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It does exactly what it says on the tin!
All About Dogs 2003


Good pals and jolly good company


What makes someone go to a show that is called ‘All About Dogs’? Well I felt I should ask some of the people who took the time to visit, and this is what they said:"It’s just so doggy, so natural, so normal, so happy and it's just as its name says - it’s "All About Dogs."

I know that over three years ago Roy and Carol Dyer had sat down with an idea and said that they wanted an event that would show ordinary people what 'ordinary' dogs could do.

It had to be simple, true and promote the health and welfare of all dogs whatever their size, shape, breed, or the loveable mongrel. Well, I have to say this has truly paid off; this event just gets better and better.

The venue is truly impressive with good parking, good directional signs, well set out arenas, and pretty impressive trade outlets, complemented with some really interesting breed specific stands bustling with lots of well informed breed people, so very proud of their own breeds with colourful pictures adorning the stands.

My own personal feeling is that this event really does give Crufts and Discover Dogs a real run for their money. It’s not only good value for the entrance, being only £2 per person with £1 for the programme. If you want a go at the 'have-a-go’ events that's not expensive either, some just asking for donations and the mandatory 'must do' event the hugely popular "Downathon" being only £2 a dog.

So, a full programme of events giving us proud owners the chance to show off just what our dogs could do. I think the families of 6 year old Lisa Hardin and her two and a half year old Poodle and Alastair Johnson a paraplegic, and his working dog must surely have felt very emotional when they showed just what they could do. Lisa had the crowd almost silent as she guided her dog round an agility course with total ease. She was as one with the dog and didn't put a foot wrong.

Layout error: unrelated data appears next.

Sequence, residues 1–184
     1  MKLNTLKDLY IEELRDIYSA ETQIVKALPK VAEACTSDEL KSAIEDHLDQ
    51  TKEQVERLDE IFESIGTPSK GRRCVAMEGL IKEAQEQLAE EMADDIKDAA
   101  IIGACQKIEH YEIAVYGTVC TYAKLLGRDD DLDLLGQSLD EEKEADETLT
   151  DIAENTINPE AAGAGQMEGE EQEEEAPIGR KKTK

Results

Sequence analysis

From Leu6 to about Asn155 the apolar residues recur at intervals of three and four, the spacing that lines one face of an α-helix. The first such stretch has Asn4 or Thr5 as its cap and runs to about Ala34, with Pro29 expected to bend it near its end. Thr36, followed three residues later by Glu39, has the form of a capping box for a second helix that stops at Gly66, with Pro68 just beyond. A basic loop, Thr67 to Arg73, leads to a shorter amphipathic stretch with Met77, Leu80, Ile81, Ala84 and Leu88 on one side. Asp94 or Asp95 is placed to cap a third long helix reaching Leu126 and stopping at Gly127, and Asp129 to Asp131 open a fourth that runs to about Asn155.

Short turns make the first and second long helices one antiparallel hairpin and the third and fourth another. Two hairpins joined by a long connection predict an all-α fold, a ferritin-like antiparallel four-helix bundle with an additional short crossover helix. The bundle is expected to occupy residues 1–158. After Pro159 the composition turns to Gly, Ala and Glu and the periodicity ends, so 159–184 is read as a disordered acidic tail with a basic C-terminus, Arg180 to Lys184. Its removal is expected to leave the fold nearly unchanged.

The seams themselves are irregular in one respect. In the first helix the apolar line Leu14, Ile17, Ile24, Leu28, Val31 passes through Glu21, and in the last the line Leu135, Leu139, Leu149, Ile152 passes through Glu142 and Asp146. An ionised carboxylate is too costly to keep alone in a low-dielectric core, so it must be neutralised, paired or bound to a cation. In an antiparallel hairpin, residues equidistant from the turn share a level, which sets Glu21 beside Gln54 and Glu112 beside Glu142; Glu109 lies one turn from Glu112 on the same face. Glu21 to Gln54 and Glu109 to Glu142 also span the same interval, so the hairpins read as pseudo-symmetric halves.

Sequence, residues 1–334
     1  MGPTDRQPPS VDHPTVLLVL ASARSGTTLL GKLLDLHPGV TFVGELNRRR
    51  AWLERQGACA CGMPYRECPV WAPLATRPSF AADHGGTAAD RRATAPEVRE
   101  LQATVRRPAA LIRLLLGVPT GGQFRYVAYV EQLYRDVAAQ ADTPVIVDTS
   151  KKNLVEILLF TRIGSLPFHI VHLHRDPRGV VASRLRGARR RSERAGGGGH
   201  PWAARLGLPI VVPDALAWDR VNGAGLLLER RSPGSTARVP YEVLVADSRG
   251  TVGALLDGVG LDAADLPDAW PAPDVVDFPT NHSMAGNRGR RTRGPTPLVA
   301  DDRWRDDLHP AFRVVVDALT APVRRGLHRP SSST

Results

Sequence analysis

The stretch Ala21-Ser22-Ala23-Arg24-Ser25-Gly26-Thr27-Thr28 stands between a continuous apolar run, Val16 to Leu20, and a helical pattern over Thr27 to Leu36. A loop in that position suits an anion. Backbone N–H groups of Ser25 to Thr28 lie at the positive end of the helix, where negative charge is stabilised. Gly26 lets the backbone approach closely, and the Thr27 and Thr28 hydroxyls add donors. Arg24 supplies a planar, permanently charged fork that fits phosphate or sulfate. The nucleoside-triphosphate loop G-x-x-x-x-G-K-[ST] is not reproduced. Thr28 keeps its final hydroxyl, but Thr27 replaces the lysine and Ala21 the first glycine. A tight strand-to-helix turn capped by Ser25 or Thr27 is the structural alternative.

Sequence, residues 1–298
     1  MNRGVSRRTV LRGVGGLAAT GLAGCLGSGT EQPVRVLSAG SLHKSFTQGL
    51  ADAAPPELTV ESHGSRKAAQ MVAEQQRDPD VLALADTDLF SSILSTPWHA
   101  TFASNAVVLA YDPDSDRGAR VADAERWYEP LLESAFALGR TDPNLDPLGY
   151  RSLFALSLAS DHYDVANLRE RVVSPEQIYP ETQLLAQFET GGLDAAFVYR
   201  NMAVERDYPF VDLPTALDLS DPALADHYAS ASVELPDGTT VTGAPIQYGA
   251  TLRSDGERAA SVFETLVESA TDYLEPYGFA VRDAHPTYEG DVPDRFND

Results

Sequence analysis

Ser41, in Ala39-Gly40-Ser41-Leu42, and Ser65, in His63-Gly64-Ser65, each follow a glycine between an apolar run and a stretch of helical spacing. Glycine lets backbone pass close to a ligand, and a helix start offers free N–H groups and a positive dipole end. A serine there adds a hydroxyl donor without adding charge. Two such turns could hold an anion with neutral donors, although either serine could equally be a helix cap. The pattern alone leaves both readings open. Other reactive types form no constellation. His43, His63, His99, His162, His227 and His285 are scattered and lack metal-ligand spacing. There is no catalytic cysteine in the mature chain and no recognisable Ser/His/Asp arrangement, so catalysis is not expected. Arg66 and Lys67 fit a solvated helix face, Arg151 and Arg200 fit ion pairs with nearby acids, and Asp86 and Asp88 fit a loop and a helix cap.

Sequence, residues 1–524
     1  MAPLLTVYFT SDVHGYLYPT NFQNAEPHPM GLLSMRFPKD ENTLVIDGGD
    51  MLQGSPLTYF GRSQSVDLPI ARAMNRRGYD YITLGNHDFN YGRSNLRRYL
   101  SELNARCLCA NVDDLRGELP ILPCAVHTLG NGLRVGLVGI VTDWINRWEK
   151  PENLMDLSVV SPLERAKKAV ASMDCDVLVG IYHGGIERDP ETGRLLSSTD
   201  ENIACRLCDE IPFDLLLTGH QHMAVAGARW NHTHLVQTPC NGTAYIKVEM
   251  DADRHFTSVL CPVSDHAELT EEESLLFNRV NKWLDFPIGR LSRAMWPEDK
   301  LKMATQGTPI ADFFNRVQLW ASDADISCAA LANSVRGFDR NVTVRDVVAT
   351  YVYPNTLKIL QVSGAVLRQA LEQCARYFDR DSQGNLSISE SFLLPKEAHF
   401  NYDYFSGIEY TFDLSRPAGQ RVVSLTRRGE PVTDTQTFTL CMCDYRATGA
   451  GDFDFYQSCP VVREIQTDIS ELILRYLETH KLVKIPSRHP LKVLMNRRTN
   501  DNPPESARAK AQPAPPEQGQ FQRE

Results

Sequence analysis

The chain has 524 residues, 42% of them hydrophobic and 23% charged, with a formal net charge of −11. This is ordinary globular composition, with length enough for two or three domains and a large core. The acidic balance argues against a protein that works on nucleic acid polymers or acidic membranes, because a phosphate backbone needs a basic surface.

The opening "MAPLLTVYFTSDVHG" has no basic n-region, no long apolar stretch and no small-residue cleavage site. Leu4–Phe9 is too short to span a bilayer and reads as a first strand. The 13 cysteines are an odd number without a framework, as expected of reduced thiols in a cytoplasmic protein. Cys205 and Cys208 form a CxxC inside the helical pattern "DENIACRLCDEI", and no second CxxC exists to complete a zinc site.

Wow! she is one for us to watch in the future! Then Alastair Johnson put us able bodied folk well in our place, with his working dog completing the agility course in a really great time. The whole thing looking so natural and normal and as he says "It is normal, I really enjoy doing the agility courses, and I want to show that having a disability doesn't mean I can’t enjoy my love for this sport, I have to say my dog has the best of times." I know the crowd would be in total agreement. I have to say at this point that I so enjoyed Lisa and Alastair’s display that I completely forgot to take the photos. So I really hope that someone has taken some and would please send them in to Our Dogs.

An event favourite has always been the superb separate and combined Carting display. I think I am correct in saying that David Lamb was the commentator here, managing to keep word perfect, over the two days ample display time. The Carts of the Bernese Mountain Dogs, Newfoundlands and Saint Bernards were beautifully decked out, some covered in flowers, and the handlers wearing the traditional dress for the countries, some were tiny first aid carts, the Saint Bernards pulling these along with ease. All the Carting dogs showing how they could negotiate the obstacle course,some of the Bernese carts had a ball placed on top of the milk churns and David explained that these dogs were so steady that the ball would hopefully stay in place while the dog went up and over the ramp. Ninety per cent of the time it did - when it did fall the crowd just roared with laughter. Somehow I think we had been set up!